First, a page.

Reflections on adapting to an emptier nest
By Lucy Ewing
There is the big wind up: so much excitement feeding into the departure for college.
And then there is the big wind down: a quiet(er) house, a bedroom that is unbelievably too clean, and only echoes of kitchen conversations with the son or daughter now inhabiting another energy field miles from home.
College students are not the only ones with changing roles during this time. Parents are learning to cope with the void and channel parenting energy in proactive ways. Because, while you will always be there for your student, you’re not a member of a volunteer fire department (unless you are). Your status will not be on-call as much as call-in.
We can grow into our new roles with a healthy perspective.
If your nest is not empty yet, it’s important to stay in tune with the younger children still at home. Their routines will be impacted, too, especially the one-on-one time they’ve shared with their sibling.
After my daughter left for college, I noticed that my high school son started asking when I was coming home from work. I’d overlooked that he and his sister were afterschool companions many days for many years. I tried to wrap up at work earlier, and I encouraged him to make his own calls to his sister, a practice they continue to this day.
We arranged a special rendezvous that first year, too. When my son toured a college in Chicago, our daughter flew out from her Providence campus to meet us. We spent a fabulous weekend walking around the city and celebrating Valentine’s Day and Chinese New Year at a happy restaurant. It was the mid-year hug everyone needed.
Your eyes have been trained on your child for many years. Now is your chance to stand up from the booster seats and get physical. Opportunities for easy-on-the-body activities like swimming, biking, and yoga should be plentiful. And, yes, there are those dance lessons you’ve always proposed to your partner. Exercise is a great way to replace concerns about your college student with positive endorphins. It can help you rest better at night, too.
Parents with time on their hands might indeed be inclined to stay at work a little longer. This can benefit your career, but think also about devoting some time to a back-burner passion. One college parent I know started training service dogs. She’s on her second child leaving for college — and her second dog. Other friends packed their student off to college and then became active with local clean energy groups. Within a year, the two of them were meeting with their representatives at the U.S. Capitol.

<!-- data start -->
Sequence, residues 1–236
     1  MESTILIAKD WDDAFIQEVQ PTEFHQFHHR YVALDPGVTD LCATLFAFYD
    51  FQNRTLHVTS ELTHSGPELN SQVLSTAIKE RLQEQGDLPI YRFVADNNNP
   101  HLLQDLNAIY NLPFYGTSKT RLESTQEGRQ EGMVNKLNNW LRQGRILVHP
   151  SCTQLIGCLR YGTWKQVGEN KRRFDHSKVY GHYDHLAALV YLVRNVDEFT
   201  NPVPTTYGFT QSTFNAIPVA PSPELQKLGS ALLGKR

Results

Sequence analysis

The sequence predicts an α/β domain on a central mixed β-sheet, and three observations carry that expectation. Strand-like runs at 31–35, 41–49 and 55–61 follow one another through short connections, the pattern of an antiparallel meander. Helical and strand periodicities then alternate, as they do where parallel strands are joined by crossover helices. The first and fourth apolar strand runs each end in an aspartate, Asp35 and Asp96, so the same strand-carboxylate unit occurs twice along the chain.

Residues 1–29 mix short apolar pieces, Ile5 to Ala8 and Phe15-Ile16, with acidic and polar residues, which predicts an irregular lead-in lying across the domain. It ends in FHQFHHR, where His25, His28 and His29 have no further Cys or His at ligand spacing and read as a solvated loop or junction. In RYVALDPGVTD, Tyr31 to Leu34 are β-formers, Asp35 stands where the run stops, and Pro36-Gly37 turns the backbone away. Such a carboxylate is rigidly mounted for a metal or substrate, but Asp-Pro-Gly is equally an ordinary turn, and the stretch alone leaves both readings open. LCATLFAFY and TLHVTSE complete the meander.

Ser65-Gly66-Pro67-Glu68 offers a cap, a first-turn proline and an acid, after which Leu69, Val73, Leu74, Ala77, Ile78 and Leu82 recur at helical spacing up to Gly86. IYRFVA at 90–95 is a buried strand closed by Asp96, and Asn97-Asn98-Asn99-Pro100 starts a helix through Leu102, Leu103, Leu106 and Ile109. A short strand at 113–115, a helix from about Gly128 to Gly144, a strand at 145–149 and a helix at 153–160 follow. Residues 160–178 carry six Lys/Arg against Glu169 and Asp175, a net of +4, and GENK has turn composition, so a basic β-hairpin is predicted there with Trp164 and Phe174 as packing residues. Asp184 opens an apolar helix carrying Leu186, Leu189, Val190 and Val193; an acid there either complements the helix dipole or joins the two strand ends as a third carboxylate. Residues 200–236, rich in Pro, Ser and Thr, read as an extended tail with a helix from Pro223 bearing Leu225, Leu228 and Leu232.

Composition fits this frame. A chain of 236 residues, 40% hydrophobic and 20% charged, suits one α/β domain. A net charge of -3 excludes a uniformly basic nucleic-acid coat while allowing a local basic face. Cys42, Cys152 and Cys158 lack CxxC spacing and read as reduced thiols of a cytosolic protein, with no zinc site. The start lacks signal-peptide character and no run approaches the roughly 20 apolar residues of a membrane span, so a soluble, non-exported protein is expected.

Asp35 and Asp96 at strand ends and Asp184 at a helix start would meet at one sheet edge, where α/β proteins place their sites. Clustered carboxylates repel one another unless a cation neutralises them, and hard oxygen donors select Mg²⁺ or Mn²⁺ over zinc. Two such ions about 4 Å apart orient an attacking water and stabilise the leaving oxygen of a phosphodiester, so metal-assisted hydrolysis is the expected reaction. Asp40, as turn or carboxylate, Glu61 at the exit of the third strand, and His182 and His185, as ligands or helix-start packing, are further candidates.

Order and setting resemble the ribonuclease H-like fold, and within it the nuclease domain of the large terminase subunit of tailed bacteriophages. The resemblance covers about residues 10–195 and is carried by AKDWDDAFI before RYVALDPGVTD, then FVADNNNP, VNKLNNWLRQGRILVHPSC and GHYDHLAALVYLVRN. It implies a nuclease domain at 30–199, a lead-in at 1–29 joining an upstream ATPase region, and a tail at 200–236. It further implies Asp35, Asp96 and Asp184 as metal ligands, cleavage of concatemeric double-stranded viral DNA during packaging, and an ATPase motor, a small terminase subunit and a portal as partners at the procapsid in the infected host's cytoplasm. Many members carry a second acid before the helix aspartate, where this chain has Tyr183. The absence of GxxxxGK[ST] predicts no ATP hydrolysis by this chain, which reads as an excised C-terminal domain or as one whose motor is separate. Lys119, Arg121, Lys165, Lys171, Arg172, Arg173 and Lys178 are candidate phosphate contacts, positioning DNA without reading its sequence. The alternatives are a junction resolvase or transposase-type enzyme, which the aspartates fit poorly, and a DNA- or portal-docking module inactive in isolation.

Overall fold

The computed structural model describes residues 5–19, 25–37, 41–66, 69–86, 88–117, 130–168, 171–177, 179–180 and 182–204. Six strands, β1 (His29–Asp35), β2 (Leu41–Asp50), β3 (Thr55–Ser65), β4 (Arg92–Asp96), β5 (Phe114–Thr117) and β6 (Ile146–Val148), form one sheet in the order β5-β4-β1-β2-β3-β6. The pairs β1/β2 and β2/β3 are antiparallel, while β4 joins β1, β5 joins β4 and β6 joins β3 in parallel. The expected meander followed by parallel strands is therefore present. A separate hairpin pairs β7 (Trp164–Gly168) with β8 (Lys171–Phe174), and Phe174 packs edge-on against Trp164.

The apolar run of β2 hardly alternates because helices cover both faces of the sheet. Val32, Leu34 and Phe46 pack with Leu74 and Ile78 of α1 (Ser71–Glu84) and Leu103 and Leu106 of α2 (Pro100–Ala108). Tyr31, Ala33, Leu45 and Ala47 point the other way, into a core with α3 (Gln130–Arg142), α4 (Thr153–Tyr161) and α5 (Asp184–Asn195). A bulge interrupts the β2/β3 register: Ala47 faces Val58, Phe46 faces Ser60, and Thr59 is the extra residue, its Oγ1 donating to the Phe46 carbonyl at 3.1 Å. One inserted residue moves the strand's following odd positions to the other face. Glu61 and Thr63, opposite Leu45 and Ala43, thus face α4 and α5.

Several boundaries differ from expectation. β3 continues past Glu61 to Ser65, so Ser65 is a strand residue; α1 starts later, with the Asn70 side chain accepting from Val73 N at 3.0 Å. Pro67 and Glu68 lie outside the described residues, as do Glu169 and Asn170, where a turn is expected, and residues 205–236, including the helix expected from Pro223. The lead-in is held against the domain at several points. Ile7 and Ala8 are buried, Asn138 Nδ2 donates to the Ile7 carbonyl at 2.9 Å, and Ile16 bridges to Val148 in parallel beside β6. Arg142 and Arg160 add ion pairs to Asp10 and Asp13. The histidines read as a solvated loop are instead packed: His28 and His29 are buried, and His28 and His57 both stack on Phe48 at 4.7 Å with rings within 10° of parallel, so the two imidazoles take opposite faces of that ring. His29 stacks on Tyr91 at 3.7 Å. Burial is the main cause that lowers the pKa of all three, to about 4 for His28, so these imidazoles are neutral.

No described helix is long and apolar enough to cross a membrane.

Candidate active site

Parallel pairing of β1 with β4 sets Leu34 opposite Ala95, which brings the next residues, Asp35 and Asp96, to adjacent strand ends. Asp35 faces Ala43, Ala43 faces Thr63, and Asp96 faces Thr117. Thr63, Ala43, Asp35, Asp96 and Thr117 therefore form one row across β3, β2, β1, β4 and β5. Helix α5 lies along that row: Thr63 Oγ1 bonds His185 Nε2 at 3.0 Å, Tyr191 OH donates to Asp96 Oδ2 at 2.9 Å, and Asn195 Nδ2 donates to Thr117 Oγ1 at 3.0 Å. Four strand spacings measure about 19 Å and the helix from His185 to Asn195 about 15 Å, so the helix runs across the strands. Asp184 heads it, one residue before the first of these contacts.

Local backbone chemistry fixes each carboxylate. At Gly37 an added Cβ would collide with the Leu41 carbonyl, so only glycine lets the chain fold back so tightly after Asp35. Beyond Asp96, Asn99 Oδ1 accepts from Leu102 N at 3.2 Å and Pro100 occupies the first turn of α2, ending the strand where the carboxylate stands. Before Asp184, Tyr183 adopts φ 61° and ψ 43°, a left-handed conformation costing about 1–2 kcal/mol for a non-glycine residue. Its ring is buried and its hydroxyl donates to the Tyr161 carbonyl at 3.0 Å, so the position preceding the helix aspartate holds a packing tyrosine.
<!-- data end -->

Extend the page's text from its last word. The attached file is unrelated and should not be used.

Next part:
While you are hoping your student is eating well on campus, take stock of your own eating habits. With two children off to college in short order, I didn’t feel like cooking. My husband and I overdosed on quick-service noodles and burritos, and take-out bowls stacked up in the recycling. His cholesterol inched up and my waistbands were pinching.
So I signed on to a friend’s healthy recipe site and got busy in the kitchen, rekindling an earlier love for cooking. When our kids returned from college, they were amused to see we now stocked coconut oil, almond milk, and rice vinegar in the pantry.
Many pursuits provide new social outlets for parents who crave conversation and company more than they may know. Take time to recognize your own needs. When they are well filled, you will be in a good frame of mind to support your student’s needs the next time you connect.
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